It was what she said very recently on her trip to Scotland to see Nicola that convinced me: Theresa intends to kick this into the long grass. I mean the 2020 long grass. That my previous assumption that she would just settle the whole matter via some sort of quick, Norway style EEA deal was looking less likely. This is because if she does any kind of deal at all, she’ll be screwed. So she’s looking for ways to draw the whole thing out as long as possible.
“I have already said that I won’t be triggering Article 50 until I think that we have a UK approach and objectives for negotiations – I think it is important that we establish that before we trigger Article 50.”
She must know there is no such thing as a “UK approach” to Brexit – Sturgeon has said that “Remain means Remain” for Scotland as far as she is concerned.
This set alongside the Johnson-Davis-Fox trio that is looking to negotiate this whole thing and some sort of possible plan starts to take shape. Davis has said some extremely embarrassing things about Brexit already (the “we’ll negotiate with separate EU countries” comment was particularly hide behind the sofa worthy), while Fox resembles the cockney character in “Killing Zoe” – his being excited beyond belief mindset appearing to be a precursor to being shot to pieces.
I wouldn’t blame May for this – Article 50 is arranged in such a way as to essentially amount to an economic suicide note for anyone who triggers it. If this is so, how does May intend to deal with fallout from the Eurosceptics both inside and outside her party? Perhaps this is how she is most like Dave: think of the fudge that works for the moment and worry about the future when it comes.
There is, of course, an alternative way to look at all this. Perhaps May is resigned to losing the Union but wants to appear like she really tried first. And that the Johnson-Davis-Fox thing is just a way of allowing the Brexit bunch to screw it all up royally so that she can ride in later with the grown ups and demonstrate that Brexit really does mean Brexit.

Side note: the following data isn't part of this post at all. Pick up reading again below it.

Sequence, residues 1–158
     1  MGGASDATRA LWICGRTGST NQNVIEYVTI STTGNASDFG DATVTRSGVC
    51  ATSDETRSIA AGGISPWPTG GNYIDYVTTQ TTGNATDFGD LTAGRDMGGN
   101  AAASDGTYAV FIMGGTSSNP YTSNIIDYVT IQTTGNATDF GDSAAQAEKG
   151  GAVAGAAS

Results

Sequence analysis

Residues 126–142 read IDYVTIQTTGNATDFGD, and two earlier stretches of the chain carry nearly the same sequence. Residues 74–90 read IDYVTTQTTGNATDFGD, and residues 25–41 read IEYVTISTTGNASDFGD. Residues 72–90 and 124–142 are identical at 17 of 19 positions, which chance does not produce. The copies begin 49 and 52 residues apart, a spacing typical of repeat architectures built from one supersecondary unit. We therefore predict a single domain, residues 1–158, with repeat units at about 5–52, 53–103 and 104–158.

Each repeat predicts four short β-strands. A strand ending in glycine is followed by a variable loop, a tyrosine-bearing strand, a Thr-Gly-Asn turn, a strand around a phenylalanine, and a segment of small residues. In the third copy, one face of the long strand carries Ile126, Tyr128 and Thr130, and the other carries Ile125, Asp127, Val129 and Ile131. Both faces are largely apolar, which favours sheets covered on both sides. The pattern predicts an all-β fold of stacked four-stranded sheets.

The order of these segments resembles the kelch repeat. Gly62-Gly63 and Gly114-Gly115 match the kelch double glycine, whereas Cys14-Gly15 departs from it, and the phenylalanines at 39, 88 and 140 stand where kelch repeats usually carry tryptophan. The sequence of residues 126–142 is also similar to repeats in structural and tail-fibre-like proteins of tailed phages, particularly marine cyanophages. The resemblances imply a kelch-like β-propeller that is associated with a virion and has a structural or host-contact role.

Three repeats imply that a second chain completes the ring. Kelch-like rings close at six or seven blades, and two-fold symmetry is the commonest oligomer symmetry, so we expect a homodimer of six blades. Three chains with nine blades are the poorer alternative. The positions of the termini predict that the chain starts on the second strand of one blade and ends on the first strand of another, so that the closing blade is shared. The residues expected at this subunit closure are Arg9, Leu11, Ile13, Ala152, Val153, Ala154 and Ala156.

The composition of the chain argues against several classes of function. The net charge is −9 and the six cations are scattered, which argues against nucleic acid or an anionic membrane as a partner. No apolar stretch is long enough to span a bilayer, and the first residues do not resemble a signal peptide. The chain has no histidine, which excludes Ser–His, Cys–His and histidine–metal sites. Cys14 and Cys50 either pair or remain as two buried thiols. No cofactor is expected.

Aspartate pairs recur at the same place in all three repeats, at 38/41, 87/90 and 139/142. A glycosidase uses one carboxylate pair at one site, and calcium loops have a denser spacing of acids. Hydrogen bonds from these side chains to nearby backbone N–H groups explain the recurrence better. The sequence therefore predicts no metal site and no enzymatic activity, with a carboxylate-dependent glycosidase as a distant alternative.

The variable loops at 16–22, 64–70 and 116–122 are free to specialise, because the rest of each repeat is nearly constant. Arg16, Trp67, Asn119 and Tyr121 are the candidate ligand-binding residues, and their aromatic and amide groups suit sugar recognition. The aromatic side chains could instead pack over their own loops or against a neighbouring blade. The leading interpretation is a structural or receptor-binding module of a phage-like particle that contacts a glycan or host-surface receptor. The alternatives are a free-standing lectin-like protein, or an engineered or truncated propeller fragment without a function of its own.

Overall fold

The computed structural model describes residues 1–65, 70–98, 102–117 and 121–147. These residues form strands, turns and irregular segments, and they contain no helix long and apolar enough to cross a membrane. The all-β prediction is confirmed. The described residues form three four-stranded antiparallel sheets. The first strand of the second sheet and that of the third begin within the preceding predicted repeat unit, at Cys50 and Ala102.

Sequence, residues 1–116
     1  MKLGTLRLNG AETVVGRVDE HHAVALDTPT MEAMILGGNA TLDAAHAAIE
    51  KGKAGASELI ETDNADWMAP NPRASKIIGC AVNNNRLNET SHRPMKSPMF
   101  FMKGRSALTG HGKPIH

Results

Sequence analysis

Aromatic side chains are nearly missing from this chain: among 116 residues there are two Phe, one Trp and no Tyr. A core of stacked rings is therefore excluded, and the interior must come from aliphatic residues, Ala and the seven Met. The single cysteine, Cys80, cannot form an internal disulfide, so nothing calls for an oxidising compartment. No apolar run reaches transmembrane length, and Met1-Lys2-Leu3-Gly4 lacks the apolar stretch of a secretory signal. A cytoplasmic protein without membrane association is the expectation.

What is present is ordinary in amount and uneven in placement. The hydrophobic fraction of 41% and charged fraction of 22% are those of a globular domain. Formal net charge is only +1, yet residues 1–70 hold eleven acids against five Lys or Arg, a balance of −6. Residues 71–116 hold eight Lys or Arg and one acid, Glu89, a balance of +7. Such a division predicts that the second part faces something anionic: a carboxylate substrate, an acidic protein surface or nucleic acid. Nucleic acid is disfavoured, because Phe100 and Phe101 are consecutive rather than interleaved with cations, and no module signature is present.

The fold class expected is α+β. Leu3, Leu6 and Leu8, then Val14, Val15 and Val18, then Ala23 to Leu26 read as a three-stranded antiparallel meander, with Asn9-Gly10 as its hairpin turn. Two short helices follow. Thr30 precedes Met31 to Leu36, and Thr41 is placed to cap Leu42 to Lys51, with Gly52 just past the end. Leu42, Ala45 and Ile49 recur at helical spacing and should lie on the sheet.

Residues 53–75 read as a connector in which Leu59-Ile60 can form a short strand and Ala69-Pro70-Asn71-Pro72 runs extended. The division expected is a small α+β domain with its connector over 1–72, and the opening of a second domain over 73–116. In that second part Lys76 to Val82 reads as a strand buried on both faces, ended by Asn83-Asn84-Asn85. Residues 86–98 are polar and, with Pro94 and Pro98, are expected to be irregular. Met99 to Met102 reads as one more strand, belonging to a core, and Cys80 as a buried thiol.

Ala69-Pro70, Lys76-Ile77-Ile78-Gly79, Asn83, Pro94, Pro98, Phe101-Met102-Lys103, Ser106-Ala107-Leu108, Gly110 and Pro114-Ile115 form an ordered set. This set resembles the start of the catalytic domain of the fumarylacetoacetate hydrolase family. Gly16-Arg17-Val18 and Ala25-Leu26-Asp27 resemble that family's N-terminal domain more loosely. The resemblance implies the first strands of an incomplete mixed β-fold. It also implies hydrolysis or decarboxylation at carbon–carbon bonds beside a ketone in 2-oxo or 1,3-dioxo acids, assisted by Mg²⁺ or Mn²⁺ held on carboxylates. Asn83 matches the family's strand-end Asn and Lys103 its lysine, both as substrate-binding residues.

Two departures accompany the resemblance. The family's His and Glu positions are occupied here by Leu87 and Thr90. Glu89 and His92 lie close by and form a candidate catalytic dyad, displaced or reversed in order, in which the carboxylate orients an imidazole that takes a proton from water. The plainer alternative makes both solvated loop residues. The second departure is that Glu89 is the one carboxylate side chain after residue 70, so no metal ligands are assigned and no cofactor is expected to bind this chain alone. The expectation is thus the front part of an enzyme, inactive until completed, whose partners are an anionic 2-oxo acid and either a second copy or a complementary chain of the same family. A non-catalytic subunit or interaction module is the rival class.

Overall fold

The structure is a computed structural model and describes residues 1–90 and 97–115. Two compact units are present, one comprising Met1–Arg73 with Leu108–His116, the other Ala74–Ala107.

nigel hunter says
Like Corbyn she half heartedly campaigned for remain.Most Ministers seem to be Brexiters Is she a real outer or is she lining them up for a fall? The Jury is out.
Stephen Ralph says
This morning, Nicola Sturgeon appeared on the Andrew Marr programme and said that she could see Scotland possibly staying in the EU and in the UK.
When Theresa May said that she wanted a UK approach to the problem; I think I could understand what she was hinting at.
In the USA, each State has its own set of laws and regulations. Overarching these is the federal Government that supplies services such as defence and public health and benefits that the individual States cannot provide for themselves.
From time to time, here in the UK, people have briefly mentioned the idea of a federal United Kingdom where the new UK transforms into a federation of sovereign nations.
Each nation would have independence yet still be a part of a federation of nations called the United Kingdom.
The model would allow for a UK that provides things like defence, foreign affairs, welfare and select other services to every country within the federation.
Other than this, each country would govern themselves.
This model would then allow each country within the UK federation to stay in or leave the European Union.
So, everything would change and in a UK sense – nothing would change.
Wales and Scotland and indeed Northern Ireland would be self governing nations and so would England for that matter.